We’ve examined the vast variety of invasive species that are posing threats to Lake Champlain’s ecosystem. By now you’re wondering , “What can I do to prevent invasive species expansion?”
What Can You Do?
If you are a boat owner, make sure whenever you move your boat from one body of water to the other that it is free of zebra mussels, one of the most dangerous and invasive of all the species. The larval stage of zebra mussels is microscopic in size so you cannot necessarily see them.
- Clean your boat off when it has come in contact with infested bodies of water, and give it a good look over. Throw any zebra mussels you find in the trash.
- Remove all mud, plants, or animals and dispose of on dry land.
- Drain all bilge water, live wells, bait buckets, and all other water from your boat, engine and equipment.
- Wash all parts of your fishing gear and boat that have been in contact with water. Do not allow wash water to flow into any body of water or storm sewer.
Drain all water from the boat, including the bilge, live well, and engine cooling system. Dry the boat and trailer in the sun for at least five days, or if you use your boat sooner, rinse off the boat, trailer, anchor, anchor line, bumpers, engine, etc. with hot water or at a car wash.
- Don’t move fish from one body of water to another.
- Never release unused bait fish, even in waters where using them is allowed.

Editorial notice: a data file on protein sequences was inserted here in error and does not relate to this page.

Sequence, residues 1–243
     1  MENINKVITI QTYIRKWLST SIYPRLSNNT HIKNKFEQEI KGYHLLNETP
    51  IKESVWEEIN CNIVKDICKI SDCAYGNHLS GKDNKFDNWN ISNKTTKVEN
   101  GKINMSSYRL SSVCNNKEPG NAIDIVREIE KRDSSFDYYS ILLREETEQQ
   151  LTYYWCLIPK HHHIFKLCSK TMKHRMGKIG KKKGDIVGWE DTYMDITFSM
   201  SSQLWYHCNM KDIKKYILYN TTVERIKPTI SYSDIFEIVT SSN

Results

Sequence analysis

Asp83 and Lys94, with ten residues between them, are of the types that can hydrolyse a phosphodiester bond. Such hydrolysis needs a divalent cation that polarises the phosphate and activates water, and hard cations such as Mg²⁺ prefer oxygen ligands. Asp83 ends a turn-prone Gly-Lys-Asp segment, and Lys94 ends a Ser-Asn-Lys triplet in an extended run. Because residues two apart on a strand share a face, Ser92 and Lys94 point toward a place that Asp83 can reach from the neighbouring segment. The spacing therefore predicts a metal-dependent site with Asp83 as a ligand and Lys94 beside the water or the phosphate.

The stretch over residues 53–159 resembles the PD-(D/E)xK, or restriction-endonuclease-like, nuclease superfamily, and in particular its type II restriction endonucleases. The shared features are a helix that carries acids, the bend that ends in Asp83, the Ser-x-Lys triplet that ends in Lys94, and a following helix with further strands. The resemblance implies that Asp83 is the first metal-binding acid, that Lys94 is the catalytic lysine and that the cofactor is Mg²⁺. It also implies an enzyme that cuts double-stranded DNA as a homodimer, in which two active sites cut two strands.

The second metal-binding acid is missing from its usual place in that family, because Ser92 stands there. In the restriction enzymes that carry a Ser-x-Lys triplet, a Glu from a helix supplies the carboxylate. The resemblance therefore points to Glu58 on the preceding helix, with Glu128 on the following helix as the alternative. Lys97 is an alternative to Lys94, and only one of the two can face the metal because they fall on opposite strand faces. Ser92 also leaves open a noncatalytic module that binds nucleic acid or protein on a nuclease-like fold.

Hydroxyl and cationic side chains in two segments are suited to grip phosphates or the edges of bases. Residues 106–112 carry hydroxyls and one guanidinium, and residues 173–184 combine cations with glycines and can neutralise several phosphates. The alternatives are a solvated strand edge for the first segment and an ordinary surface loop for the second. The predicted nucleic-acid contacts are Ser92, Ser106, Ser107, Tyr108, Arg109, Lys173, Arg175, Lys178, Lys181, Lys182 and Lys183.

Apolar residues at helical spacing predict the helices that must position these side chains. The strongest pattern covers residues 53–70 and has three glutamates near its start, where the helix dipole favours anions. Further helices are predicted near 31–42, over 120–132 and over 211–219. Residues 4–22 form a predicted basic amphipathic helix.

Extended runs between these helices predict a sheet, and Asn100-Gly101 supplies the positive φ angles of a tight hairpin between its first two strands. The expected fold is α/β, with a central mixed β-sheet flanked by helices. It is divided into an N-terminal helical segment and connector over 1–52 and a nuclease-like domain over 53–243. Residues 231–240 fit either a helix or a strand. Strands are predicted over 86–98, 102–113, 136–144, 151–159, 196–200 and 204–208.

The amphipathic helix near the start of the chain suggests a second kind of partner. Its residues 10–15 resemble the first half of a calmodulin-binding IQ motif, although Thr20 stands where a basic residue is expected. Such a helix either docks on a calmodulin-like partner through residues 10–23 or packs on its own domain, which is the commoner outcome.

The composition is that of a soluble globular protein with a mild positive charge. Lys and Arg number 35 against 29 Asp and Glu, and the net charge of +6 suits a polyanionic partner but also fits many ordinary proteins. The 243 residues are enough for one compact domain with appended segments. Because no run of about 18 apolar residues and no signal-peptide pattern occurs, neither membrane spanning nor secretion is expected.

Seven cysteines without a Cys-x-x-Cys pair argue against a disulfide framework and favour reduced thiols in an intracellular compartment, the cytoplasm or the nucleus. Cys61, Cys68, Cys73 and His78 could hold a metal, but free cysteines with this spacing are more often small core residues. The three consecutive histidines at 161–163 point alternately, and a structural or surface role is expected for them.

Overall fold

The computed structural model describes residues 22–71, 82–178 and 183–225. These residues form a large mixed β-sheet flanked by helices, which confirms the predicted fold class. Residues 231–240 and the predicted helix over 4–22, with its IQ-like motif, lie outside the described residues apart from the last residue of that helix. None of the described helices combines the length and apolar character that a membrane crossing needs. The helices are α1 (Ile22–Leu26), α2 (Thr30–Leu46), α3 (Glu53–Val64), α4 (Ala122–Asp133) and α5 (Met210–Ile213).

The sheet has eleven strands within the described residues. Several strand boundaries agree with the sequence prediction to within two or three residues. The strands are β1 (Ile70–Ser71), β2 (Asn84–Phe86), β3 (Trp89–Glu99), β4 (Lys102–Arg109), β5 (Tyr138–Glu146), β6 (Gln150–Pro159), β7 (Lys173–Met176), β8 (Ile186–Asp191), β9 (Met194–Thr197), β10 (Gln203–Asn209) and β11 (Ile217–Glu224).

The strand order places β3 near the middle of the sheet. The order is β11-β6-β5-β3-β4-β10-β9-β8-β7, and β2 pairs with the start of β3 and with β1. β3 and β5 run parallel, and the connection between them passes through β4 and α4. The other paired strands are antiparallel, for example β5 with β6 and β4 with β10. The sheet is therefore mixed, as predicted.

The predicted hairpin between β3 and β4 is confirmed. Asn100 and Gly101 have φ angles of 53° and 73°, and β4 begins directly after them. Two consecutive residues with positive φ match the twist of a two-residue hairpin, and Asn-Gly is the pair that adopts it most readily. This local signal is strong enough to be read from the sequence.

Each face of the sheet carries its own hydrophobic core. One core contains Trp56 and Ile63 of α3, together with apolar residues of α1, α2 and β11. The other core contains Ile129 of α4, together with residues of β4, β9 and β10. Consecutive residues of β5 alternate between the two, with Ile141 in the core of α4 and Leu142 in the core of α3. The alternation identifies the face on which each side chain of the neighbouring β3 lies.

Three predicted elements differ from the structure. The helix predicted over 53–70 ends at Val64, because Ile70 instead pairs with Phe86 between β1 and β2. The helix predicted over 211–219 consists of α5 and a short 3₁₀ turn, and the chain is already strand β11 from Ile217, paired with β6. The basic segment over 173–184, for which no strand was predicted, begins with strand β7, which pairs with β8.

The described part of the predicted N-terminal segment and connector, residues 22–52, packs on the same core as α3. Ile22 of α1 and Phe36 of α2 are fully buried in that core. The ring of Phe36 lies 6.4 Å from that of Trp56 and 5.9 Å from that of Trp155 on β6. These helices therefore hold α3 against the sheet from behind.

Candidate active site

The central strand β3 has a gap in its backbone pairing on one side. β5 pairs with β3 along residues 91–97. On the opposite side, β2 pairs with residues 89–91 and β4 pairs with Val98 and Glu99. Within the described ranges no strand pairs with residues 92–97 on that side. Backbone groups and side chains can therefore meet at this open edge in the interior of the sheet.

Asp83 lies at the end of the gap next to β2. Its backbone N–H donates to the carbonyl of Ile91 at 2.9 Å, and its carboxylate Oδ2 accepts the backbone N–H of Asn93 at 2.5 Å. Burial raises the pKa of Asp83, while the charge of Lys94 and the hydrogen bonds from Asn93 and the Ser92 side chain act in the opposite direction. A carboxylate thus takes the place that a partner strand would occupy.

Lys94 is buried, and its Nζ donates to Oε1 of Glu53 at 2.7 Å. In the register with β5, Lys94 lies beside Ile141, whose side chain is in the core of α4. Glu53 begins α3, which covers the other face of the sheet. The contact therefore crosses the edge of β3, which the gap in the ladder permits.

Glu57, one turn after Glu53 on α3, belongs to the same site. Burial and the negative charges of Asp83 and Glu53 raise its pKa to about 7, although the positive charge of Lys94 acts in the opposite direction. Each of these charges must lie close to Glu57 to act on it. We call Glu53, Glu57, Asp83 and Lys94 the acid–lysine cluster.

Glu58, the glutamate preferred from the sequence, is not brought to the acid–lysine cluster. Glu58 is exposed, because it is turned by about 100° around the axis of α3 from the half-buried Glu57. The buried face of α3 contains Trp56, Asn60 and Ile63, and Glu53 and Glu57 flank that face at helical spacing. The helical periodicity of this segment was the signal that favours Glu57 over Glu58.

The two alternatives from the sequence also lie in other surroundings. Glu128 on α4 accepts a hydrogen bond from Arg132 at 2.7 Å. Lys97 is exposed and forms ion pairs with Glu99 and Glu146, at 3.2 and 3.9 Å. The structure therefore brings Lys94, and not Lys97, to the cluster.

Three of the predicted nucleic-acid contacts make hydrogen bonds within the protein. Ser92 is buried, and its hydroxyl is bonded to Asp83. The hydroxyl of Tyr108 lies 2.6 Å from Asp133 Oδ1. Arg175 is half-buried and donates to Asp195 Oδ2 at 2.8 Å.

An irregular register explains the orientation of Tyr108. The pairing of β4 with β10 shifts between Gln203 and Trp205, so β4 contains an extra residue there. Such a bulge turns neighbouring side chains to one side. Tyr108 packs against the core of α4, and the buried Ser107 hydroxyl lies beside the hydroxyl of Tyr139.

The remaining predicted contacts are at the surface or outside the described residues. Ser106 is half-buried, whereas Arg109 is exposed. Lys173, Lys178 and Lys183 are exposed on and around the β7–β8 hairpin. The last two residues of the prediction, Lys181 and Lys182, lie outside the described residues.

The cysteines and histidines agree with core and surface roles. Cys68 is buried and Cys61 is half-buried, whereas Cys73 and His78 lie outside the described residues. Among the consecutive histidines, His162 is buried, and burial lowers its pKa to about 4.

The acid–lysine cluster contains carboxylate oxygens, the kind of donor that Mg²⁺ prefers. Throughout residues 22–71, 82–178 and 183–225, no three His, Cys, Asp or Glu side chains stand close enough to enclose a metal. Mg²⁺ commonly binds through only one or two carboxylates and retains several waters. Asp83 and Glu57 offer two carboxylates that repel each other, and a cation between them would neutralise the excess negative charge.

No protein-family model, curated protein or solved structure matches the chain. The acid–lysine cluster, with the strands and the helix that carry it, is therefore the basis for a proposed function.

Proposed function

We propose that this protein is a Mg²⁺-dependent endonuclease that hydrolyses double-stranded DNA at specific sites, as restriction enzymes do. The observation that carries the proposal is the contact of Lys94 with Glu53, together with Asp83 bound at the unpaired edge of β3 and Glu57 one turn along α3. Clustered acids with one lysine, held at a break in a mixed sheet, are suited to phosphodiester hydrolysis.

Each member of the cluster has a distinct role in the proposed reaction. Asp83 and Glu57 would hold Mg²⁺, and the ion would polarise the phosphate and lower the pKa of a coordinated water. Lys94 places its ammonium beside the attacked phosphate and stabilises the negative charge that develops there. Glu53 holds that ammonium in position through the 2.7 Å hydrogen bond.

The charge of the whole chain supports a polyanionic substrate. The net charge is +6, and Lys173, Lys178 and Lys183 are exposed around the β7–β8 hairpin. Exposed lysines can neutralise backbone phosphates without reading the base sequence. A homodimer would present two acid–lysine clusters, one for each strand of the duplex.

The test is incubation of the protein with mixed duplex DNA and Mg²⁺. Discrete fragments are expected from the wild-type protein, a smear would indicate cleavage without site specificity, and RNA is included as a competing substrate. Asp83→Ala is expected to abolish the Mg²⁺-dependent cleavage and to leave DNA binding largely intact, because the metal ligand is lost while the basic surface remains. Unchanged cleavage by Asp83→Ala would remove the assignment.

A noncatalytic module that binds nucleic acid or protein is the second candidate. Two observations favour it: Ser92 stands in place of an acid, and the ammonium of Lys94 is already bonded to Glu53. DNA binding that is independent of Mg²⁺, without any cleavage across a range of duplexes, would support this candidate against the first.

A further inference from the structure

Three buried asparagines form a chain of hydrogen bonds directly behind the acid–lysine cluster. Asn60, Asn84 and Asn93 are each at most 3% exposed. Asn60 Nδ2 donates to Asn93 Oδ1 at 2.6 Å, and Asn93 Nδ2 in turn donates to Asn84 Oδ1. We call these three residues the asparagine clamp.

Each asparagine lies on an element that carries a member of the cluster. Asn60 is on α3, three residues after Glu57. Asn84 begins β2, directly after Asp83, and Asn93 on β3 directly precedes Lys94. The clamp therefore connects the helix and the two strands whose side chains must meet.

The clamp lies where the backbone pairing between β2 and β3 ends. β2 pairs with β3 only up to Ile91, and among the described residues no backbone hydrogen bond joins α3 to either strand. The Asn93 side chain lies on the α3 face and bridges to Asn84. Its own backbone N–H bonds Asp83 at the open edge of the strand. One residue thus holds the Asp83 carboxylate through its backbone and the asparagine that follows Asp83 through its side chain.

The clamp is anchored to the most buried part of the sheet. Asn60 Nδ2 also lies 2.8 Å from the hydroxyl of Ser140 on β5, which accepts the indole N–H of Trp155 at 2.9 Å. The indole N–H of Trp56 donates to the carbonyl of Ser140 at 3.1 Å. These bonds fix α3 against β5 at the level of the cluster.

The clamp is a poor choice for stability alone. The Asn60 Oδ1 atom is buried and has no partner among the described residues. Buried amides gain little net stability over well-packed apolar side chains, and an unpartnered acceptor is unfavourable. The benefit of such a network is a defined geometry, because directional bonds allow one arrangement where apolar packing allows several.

- Never move fish overland, unless they have been certified as being disease-free.
- Make sure that your boat and equipment are clean and dried before using them in a different waterway.
- Inspect all parts of your fishing gear, boat, and trailer that have been in contact with water.
- Learn more about invasive species. A great resource is the Lake Champlain Basin Program’s Aquatic Invasive Species Guide (free download).
- Purchase non-invasive plants and fish for your landscapes and aquarium.
- Don’t release unwanted plants or animals into the wild.
- When swimming or boating in an area infested with Eurasian water milfoil, try not to break parts off the plant—this is how the plant spreads.
- Participate with these organizations that are active in protecting Lake Champlain. Here are some places to start:
Invasive Aquatic and Wetland Animals (Invasive Species) by Suellen May
Invasive Aquatic and Wetland Plants (Invasive Species) by Suellen May
Invasion Ecology by Julie Lockwood, Martha Hoopes and Michael Marchetti
Invasive Plants: Guide to Identification and the Impacts and Control of Common North American Species by Sylvan Ramsey Kaufman and Wallace Kaufman